It was only after Schubert's passing that his musical genius received the kind of recognition it deserved. His talent lay in is ability to adapt to almost any kind of musical form.

It is no secret that Schubert adored Beethoven—he was awed by him, to the point that he was too timid to even introduce himself to the musical giant when the two passed one another on the streets of Vienna. But it is far from a stretch to mention these two musical giants in the same sentence.

In 1872, a memorial to Schubert was constructed in the Stadtpark in Vienna. In 1888, his grave, along with Beethoven's, was relocated to Zentralfriedhof, the Viennese cemetery that is among the largest in the world. There, Schubert was placed alongside fellow musical giants Johann Strauss II and Johannes Brahms.
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#1983970 - 11/08/12 01:38 AM Re: Classical Sonata Analysis [Re: Greener]
PianoStudent88 Offline
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Schubert; Op. 94, No. 6

Minuet and Trio form, with a da capo to the minuet. Or at least, it's in 3/4 time; I'm not sure I'd say it's really a minuet. Several repeats along the way. Key changes back and forth between Ab major and E major, and the Trio in Db major. (I did consider whether any of these might be minor, but the tonic chord for each major key appears right away in each section.). Db is maybe not so surprising, being the subdominant of Ab. But E is distinctly surprising, as is Schubert's method of moving in and out of these keys.

That's from examining the score. Now I'm curious as to what this sounds like. But either my piano is desperately out of tune, or the charms of this piece are not revealed when played at a dirge-like tempo, because my attempt to play, slowly through the piece sounded horrible, horrible, horrible. And my iPhone for some weird reason won't let me play the video Greener linked to (I think this is just an iPhone oddity, though, and I'll be able to listen from my work computer tomorrow.). So I don't know what it sounds like yet.
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#1984070 - 11/08/12 09:11 AM Re: Classical Sonata Analysis [Re: PianoStudent88]
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Schubert; Op. 94, No. 6
Originally Posted By: PianoStudent88

Now I'm curious as to what this sounds like. But either my piano is desperately out of tune, or the charms of this piece are not revealed when played at a dirge-like tempo, because my attempt to play, slowly through the piece sounded horrible, horrible, horrible.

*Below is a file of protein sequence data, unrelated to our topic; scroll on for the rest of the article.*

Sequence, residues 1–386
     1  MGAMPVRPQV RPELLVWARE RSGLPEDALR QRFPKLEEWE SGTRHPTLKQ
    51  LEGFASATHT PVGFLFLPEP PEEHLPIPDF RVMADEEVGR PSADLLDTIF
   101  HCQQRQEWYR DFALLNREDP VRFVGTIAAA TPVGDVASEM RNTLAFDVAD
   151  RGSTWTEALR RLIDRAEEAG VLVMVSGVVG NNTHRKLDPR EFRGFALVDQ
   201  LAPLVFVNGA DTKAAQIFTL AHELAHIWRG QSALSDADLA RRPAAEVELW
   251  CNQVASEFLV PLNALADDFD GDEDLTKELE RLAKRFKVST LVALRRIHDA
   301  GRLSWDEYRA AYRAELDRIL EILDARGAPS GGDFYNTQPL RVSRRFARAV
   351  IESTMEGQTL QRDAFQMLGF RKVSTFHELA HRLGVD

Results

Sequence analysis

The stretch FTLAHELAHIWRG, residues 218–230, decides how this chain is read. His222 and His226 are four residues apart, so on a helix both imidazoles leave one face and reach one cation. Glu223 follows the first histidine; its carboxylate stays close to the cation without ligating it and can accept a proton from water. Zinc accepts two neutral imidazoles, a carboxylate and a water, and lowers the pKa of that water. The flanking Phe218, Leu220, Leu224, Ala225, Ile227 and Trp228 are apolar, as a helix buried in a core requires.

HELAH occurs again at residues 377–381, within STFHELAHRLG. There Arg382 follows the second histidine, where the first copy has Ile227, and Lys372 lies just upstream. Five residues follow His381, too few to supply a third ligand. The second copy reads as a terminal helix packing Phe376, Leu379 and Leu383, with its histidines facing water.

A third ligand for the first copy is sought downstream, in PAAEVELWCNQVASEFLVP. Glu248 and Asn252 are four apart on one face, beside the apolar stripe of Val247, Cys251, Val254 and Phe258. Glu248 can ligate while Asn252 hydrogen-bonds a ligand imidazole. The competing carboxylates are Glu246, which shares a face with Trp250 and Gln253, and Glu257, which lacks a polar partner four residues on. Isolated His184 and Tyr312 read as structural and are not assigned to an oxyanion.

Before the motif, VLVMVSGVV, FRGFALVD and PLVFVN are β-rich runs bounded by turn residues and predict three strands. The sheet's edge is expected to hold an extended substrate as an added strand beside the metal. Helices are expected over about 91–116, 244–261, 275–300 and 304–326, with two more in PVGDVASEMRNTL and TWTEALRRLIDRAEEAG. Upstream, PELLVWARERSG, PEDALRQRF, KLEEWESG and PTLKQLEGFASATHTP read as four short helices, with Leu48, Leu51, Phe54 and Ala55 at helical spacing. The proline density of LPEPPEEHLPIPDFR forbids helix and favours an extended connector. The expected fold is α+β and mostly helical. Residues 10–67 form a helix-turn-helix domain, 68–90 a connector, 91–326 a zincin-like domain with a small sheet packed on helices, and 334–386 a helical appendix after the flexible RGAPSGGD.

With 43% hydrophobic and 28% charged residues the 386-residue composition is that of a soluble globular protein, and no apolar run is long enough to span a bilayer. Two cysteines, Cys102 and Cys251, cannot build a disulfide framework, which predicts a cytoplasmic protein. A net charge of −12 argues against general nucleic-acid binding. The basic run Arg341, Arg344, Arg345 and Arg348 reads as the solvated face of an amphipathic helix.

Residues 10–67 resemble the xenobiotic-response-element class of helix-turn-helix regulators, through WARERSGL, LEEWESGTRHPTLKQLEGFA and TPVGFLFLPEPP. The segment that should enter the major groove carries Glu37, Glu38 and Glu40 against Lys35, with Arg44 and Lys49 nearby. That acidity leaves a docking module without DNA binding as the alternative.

It must be the piano, PS88. I find there is some lovely rich harmony in this, and also find it to be really quite pretty.

I had a hard time following this. That is, the first time through, all the repeats occur. Then I was expecting the piece to end at M115. But instead ... back to the beginning, without repeats this time and only up to M77 where it ends.

So, Allegretto D.C. means, go back to the beginning? And also the positioning of the thin and bolder lines at the end of each section actually matter? It seems to make sense now, but only after an intense head scratch.

The only other thing I would suggest with the keys is ... Ab Minor in the section just before the Trio and also closing out the piece in this dreary context. Although, the D natural bothers me in this section and I don't know what to make of it.

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#1984076 - 11/08/12 09:26 AM Re: Classical Sonata Analysis [Re: PianoStudent88]
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Originally Posted By: PianoStudent88
Schubert; Op. 94, No. 6
Minuet and Trio form, with a da capo to the minuet.

I'm revealing my ignorance here. What form is Minuet and Trio form? I've done a quick google and am not that much the wiser:
Princeton - article on form - see beginning
Course notes from somewhere - Minuet and Trio

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#1984083 - 11/08/12 09:43 AM Re: Classical Sonata Analysis [Re: zrtf90]
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Schubert, Op. 94/6, Allegretto